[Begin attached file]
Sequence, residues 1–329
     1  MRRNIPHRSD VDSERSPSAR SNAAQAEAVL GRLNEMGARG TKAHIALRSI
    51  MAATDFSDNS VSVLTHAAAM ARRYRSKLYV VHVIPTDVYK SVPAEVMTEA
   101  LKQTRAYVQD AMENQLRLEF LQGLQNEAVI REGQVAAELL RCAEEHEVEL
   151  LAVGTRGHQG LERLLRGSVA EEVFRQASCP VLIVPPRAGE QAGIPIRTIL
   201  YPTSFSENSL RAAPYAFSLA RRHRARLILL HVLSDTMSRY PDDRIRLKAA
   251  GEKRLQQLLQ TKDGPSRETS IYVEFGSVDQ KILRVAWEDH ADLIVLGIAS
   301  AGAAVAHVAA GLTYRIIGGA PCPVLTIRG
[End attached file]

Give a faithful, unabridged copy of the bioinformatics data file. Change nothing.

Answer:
Sequence, residues 1–329
     1  MRRNIPHRSD VDSERSPSAR SNAAQAEAVL GRLNEMGARG TKAHIALRSI
    51  MAATDFSDNS VSVLTHAAAM ARRYRSKLYV VHVIPTDVYK SVPAEVMTEA
   101  LKQTRAYVQD AMENQLRLEF LQGLQNEAVI REGQVAAELL RCAEEHEVEL
   151  LAVGTRGHQG LERLLRGSVA EEVFRQASCP VLIVPPRAGE QAGIPIRTIL
   201  YPTSFSENSL RAAPYAFSLA RRHRARLILL HVLSDTMSRY PDDRIRLKAA
   251  GEKRLQQLLQ TKDGPSRETS IYVEFGSVDQ KILRVAWEDH ADLIVLGIAS
   301  AGAAVAHVAA GLTYRIIGGA PCPVLTIRG